Approaching customers with a giving attitude to help close sales
A few months ago, while teaching an all-day sales training seminar in Orlando, Fla., someone asked me if there was going to be a section specifically dedicated to closing techniques. I often get this question or one similar to it. Everyone wants to know the magic phrase or technique for closing a sale. There are entire books written by sales trainers with varying backgrounds on the topic of closing. There are so many, in fact, that most “closes” have been given common names, such as:
- Alternative choice close;
- Apology close;
- Assumptive close;
- Balance sheet close (also known as the Ben Franklin);
- Cradle-to-grave close;
- Direct close;
- Indirect close;
- Minor point close;
- Negative assumption close;
- Possibility of loss close;
- Puppy dog close;
- Sales contest close; and
- Sharp angle close.
One of my favorite sales trainers, Tom Hopkins, spends a lot of time scripting each common technique in his book, How to Master the Art of Selling. When I first went into sales, I studied and tried to learn these techniques word for word. But the truth is, I was never comfortable with any of them. To me they felt too scripted and unnatural.
Don’t get me wrong—as I review my own presentation, I see elements of some of these techniques, which may help me achieve a consistent 80% to 90% closing ratio. But actually making a determination of which close I should be using in a given sales presentation never felt natural to me. Maybe it’s because I have always tried to treat my customers the way I would want to be treated—and I cannot stand when I am in the market for something, especially a big-ticket item, and the salesperson starts using one of those techniques on me. The techniques obviously work, however, because there are many salespeople out there learning and using them and people are still buying things—so I have to admit that I could be wrong about all of this. But I also will state emphatically that I do not think I am, and thousands of customers, my closing ratio and the closing ratios of the sales professionals I have trained seem to support my opinion on the matter.
In my opinion, closing techniques are hogwash—all except for one.
Give More Than You Take
You will not find a chapter on closing in my book, Flowing to Success (An Excellent Book With a Cheesy Title for the Water Treatment Sales Professional). That is because the entire book tells the reader how to close. It’s simple: If you believe that you are giving more than you are taking from your customers, you will never have a problem asking them to allow you to serve them.
Imagine you are driving down a barren highway one evening just before dusk in an area where there is no cell phone reception. You are several miles from the next exit when you pass an obviously broken-down car. A few hundred yards farther along is a young woman walking in the direction of the exit. Would you be comfortable pulling over and asking her if she wanted a ride to the exit? I believe most of the people reading this would likely want to help this person without asking for anything in return. But the question is, would the woman accept the offer? There are certainly factors that may increase or decrease the likelihood of her accepting your help. If you are driving a windowless van and you seem threatening, she may decide it is better to walk to the exit. On the other hand, if you are in a company-wrapped car and you seem clean-cut and sincere, she may be more inclined to accept. Heck—it may be as simple as you being a woman yourself. But the bottom line is that if you are genuine and sincere, all you can do is offer to help. You try to present yourself as genuine and sincere, but ultimately, it is up to her whether she accepts your offer.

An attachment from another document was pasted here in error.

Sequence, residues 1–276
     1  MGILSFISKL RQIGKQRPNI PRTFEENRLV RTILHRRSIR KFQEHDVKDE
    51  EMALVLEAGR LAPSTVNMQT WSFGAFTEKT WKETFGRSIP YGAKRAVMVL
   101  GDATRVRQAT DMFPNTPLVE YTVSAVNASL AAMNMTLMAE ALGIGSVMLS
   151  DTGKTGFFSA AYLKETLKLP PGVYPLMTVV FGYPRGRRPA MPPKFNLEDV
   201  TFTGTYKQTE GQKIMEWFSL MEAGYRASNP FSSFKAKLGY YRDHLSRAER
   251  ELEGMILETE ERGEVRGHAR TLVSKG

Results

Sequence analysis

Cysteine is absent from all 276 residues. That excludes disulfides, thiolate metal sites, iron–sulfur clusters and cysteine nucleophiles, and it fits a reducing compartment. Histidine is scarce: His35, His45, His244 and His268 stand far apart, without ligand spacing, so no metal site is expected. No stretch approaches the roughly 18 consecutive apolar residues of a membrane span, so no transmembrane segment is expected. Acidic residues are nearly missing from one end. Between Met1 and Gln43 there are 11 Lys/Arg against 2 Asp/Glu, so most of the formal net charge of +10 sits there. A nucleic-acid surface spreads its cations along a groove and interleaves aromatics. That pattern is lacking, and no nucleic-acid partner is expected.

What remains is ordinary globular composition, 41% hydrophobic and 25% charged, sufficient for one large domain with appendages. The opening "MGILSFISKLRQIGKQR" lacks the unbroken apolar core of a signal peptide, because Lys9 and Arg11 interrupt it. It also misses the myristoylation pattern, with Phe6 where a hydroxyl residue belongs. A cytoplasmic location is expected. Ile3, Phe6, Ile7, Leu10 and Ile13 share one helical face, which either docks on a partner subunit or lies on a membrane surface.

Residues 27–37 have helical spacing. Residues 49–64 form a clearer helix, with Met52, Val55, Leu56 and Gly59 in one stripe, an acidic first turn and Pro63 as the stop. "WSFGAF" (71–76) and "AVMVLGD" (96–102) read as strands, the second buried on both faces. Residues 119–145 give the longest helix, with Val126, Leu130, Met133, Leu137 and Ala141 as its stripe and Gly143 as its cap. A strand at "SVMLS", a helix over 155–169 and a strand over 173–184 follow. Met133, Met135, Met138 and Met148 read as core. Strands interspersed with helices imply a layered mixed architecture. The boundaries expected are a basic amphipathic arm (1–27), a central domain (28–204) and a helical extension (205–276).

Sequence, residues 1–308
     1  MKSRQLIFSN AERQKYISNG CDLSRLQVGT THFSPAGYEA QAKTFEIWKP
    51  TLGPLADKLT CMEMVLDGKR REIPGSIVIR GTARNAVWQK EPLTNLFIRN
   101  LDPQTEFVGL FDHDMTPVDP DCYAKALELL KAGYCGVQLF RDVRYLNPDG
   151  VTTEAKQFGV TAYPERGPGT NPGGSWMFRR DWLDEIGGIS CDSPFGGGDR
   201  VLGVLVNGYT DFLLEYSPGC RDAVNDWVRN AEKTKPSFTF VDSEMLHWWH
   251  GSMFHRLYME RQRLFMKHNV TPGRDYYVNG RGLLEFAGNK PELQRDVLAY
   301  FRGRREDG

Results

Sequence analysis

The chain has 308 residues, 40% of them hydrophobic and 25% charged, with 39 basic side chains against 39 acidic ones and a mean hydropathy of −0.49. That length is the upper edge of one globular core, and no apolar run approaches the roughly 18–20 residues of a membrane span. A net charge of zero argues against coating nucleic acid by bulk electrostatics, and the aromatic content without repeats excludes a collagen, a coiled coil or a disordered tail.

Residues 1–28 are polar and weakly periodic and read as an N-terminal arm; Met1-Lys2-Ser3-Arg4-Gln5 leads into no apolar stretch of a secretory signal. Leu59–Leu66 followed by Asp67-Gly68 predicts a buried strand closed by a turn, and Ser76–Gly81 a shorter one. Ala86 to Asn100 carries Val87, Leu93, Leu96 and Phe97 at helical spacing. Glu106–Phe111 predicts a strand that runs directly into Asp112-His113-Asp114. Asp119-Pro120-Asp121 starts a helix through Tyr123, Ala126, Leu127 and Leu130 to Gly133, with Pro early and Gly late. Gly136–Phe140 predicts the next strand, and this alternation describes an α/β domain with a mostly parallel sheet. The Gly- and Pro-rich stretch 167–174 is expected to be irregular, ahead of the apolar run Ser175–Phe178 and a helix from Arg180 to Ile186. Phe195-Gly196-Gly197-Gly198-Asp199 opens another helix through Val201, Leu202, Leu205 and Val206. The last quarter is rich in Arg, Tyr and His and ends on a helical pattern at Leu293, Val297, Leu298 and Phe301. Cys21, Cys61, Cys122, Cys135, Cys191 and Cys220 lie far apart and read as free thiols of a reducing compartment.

This is exactly what I think sales should be about. In a sales presentation, we have to first determine what the customer’s needs are. Once we have done so and if we are able to give them more value than the money we are asking for, then closing should be nothing more than a sincere offer to help them. Not every person is going to accept your offer, but that is his or her right. If there are more people declining your offer than accepting, I would recommend taking a look in the mirror to see if you are doing something that is making them believe you are not sincere, or looking at what you are offering to make sure you are giving more than you are taking.
This is less of a technique or strategy than an attitude. Approach every sales situation with a desire to help, and your customers will either accept your offer or they will not. If you find yourself nervous about your prices, either figure out how to justify them through intangible offerings or go sell something else. Please, for the sake of our industry and the sales profession, do not think the answer to selling a high-ticket item is to trick or manipulate the customer into buying something. There are enough people out there doing this already, and it is why consumers mistrust sales people in general.
I doubt you will find the “give more than you take” close in any books out there, but I am confident that if you try it, you will not only see positive results in your closing ratio, but you also will feel good about what you do for a living.